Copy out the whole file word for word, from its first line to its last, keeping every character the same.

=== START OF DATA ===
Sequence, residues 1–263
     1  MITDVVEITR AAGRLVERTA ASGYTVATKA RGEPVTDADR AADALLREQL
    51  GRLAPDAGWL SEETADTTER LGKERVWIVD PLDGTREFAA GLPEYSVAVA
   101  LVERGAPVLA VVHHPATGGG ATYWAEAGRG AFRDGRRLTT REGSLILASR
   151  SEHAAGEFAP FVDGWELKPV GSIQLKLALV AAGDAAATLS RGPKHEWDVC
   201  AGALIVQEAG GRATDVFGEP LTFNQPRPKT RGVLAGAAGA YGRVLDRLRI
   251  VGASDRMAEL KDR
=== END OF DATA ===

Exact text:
Sequence, residues 1–263
     1  MITDVVEITR AAGRLVERTA ASGYTVATKA RGEPVTDADR AADALLREQL
    51  GRLAPDAGWL SEETADTTER LGKERVWIVD PLDGTREFAA GLPEYSVAVA
   101  LVERGAPVLA VVHHPATGGG ATYWAEAGRG AFRDGRRLTT REGSLILASR
   151  SEHAAGEFAP FVDGWELKPV GSIQLKLALV AAGDAAATLS RGPKHEWDVC
   201  AGALIVQEAG GRATDVFGEP LTFNQPRPKT RGVLAGAAGA YGRVLDRLRI
   251  VGASDRMAEL KDR